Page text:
Core compliances with the Volcker Rule are nearing a July 21 deadline.
The largest institutions that are subject to the most prescriptive rules under the Volcker compliance requirements “have vast resources and dedicated teams that have been living with this for some time,” said Cliff Stanford, counsel and chair of Alston & Bird’s Bank Regulatory Group.
“They are very far along in terms of developing all the data and reporting they need to show compliance with the Volcker Rule,” he said. “There are still some uncertainties, however, that may need to be addressed regarding what compliance with a particular segment of the rule looks like.”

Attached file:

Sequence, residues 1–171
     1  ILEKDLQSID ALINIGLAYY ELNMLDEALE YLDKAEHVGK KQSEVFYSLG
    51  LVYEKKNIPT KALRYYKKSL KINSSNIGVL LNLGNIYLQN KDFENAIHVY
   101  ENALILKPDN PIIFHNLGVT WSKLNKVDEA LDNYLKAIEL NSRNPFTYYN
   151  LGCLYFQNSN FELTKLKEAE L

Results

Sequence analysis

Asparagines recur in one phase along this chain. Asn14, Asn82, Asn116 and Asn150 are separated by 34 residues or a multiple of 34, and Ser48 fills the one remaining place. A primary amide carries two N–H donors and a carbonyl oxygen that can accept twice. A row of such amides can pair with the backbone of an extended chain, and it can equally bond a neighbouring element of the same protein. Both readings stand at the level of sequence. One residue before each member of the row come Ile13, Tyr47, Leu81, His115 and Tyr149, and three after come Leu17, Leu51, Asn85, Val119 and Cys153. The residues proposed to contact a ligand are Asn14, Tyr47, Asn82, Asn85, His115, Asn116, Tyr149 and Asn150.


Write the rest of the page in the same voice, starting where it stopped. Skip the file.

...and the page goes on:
Banks with assets of $10 billion to $50 billion have more flexible requirements but also have fewer resources. “Many are still wrestling with it, even at this late date,” said Stanford.
“You don’t have to create an entirely new regime in most instances,” Stanford noted. “You can rely on the backbone that you already have, supplement it and make sure it can be tailored to compliance with the Volcker Rule.”
Institutions with multiple trading desks or that engage in hedging activities have been advised by examiners to designate a Volcker Rule compliance officer.
“Just like with the Bank Secrecy Act and anti-money laundering compliance, there needs to be someone who is focused on it and can help shepherd your efforts moving forward,” said Stanford.